The results of this study indicate that, among pediatric solid tumors, EWS cells are exquisitely sensitive to the cytotoxicity exerted by expanded, activated NK cells. Expanded NK cells could kill nearly all EWS cells within 4 hours at a 1 : 1 ratio, and still be considerably cytotoxic at a 1 : 10 or lower ratios if cultures were prolonged for 24 hours. Expanded NK cells had much more powerful anti-EWS capacity than primary, non-expanded, NK cells. The anti-EWS effect of NK cells was also seen in experiments with immunodeficient mice bearing EWS tumors, where NK cell infusions produced durable remissions. The interaction between NKG2D and DNAM-1 on the surface of NK cells with their ligands on tumors cells appears to be critical for NK cell cytotoxicity against EWS cells, as interference with these molecules considerably reduced cell killing. However, the key ligands remain to be identified.
The results with EWS cells recall those that we previously obtained with expanded NK cells against acute myeloid leukemia (AML) cells [32
], suggesting that EWS and AML are the main targets for NK cell therapy of cancer in children. Most cell lines derived from other cancer cell types were also sensitive to expanded NK cell cytotoxicity. For example, rhabdomyosarcoma cells were as sensitive as EWS at 1 : 1 E :T ratio but less sensitive when the proportion of NK cells was reduced. The sensitivity of osteosarcoma cells varied widely. The molecular mechanisms underlying these differences remain to be elucidated but cannot be attributed to the levels of HLA Class I expression in the tumor cells alone. Neuroblastoma cell lines were significantly less sensitive than EWS cells to expanded NK cells, suggesting that neuroblastoma should have a lower priority among pediatric solid tumors eligible for NK cell therapy. NK cell cytotoxicity against neuroblastoma cells might be considerably enhanced by directing NK cells with antibodies reacting with neuroblastoma cell markers [46
]. Moreover, Altvater et al. [47
] using the method described here to expand NK cells demonstrated that cytotoxicity could be considerably enhanced by transducing NK cells with a chimeric signaling receptor recognizing the neuroblastoma cell marker GD2.
Expanded NK cells resulted in a substantial anti-tumor effect in mice engrafted with EWS cells, apparently achieving disease eradication in some animals. In our experiments, we also administered IL-2, as we previously observed that this cytokine significantly prolongs the survival of NK cells in immunodeficient mice [32
]. Moreover, administration of IL-2 is often included in clinical NK cell infusions [17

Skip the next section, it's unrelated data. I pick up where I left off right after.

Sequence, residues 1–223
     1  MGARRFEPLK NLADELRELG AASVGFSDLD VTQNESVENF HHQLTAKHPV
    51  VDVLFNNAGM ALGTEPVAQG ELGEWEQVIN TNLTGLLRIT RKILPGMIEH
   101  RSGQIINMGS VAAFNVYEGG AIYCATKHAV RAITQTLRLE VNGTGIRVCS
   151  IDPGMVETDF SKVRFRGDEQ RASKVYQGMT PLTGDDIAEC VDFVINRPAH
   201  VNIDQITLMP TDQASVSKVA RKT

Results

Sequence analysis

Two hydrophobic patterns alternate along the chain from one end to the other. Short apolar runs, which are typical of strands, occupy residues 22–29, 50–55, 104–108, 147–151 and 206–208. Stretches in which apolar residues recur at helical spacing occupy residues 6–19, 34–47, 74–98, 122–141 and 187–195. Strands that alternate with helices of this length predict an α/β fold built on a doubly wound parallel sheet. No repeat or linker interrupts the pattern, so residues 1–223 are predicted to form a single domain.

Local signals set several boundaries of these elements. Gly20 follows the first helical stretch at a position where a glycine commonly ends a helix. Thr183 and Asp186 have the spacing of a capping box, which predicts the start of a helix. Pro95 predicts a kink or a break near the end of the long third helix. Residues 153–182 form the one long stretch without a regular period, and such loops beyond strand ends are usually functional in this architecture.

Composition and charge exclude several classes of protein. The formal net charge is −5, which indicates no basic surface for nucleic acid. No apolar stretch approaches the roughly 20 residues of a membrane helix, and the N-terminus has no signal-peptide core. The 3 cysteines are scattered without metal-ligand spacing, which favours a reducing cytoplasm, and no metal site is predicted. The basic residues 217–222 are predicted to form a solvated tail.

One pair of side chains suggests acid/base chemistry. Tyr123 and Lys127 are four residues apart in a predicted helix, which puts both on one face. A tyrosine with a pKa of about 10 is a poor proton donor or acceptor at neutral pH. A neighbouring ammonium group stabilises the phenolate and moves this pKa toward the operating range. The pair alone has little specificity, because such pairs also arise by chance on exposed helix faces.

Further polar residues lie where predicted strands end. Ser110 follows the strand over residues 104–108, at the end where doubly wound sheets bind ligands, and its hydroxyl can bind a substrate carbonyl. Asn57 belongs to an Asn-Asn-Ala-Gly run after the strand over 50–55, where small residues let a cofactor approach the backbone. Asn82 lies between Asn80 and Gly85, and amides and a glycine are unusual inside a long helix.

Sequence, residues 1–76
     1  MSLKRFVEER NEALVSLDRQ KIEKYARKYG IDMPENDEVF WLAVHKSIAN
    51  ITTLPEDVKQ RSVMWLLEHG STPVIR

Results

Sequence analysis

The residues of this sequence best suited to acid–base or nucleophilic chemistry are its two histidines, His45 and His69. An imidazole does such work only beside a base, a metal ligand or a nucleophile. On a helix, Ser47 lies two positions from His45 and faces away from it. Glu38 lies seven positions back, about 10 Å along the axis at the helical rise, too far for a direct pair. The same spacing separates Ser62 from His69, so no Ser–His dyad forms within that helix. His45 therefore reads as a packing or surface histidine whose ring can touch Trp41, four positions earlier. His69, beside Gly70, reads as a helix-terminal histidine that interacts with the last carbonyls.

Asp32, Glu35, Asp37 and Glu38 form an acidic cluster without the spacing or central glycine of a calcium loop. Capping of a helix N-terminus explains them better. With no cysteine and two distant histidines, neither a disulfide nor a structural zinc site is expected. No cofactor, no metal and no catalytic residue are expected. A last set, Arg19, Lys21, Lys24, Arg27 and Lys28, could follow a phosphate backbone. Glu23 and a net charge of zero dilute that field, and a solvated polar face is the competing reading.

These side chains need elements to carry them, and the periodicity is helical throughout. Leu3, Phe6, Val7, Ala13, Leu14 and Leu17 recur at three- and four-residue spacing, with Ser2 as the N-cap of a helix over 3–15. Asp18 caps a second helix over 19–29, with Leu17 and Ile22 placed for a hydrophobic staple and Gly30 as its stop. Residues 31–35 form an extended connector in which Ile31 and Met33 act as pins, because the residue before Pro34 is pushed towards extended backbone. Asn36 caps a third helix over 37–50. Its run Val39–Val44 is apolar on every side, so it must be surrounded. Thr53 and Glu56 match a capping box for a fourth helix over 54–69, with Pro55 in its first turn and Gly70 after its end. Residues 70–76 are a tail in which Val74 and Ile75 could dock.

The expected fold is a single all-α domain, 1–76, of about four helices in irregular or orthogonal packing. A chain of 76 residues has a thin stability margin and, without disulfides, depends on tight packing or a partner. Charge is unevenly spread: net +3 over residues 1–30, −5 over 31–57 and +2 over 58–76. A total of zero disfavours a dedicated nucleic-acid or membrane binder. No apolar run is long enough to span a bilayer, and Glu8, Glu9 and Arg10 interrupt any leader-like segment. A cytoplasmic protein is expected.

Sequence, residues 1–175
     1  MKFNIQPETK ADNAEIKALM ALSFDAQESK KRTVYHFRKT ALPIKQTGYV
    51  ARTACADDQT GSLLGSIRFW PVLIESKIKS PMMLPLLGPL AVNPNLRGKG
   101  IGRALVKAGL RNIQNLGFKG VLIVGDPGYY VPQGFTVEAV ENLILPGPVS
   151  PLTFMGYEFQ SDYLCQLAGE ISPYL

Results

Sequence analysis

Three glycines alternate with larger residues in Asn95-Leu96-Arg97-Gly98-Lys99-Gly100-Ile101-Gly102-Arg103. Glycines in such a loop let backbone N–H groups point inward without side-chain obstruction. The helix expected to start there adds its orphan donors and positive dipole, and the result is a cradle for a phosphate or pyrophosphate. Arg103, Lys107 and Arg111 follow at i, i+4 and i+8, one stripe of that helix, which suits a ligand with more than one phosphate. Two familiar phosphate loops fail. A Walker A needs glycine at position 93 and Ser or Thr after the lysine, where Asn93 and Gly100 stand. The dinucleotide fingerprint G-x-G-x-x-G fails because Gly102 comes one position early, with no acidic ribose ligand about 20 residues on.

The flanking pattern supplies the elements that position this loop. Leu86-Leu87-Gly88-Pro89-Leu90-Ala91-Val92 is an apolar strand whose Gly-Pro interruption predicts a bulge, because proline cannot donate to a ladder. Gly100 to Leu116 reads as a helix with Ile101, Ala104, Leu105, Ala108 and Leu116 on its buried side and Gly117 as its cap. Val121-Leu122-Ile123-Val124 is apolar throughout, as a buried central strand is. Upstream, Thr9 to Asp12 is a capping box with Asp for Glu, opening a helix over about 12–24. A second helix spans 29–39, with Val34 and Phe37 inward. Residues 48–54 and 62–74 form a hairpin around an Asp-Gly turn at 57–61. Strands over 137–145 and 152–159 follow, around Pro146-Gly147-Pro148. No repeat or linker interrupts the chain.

]. We also administered multiple infusions of NK cells, as in preliminary experiments, single infusions of NK cells had anti-tumor activity but did not eradicate the disease. As a caveat, the xenografts that we included in our experiments are not orthotopic models of EWS, and NK cells might not migrate effectively to tissues were EWS tumor cells typically reside, resulting in suboptimal E : T ratios at the tumor site. However, we suggest that NK cell infusions might be more effective against tumor cells metastasizing to the bone marrow and lymphoid organs (tissues where NK cells thrive), rather than against primary tumor masses. Thus, infusions of allogeneic expanded NK cells should enhance the effects of chemotherapy followed by autologous hematopoietic cell transplantation, while reducing the risk of disease recurrence from carry over tumor cells infused with the autograft. Alternatively, NK cells could be directly injected into the tumor site after surgical removal, in efforts to deplete the margins of residual tumor cells.
To be effective, NK cell infusions must achieve E : T ratios estimated to exert substantial tumor cytoreduction. In this regard, the capacity of our method to specifically expand NK cells many fold, in addition to activate them, is particularly useful. Seven-day cultures, such as those used in this study, should yield sufficient NK cells for single infusions. Additional stimulation with K562-mb15-41BBL cells and extended cultures can dramatically increase the number of NK cells obtained, which should be adequate for multiple infusions. The NK expansion method described here has now been adapted to large scale, clinical grade, conditions, and a clinical protocol testing the feasibility and toxicity of this approach is now open. Because of the results of this study, eligibility includes patients with EWS and rhabdomyosarcoma.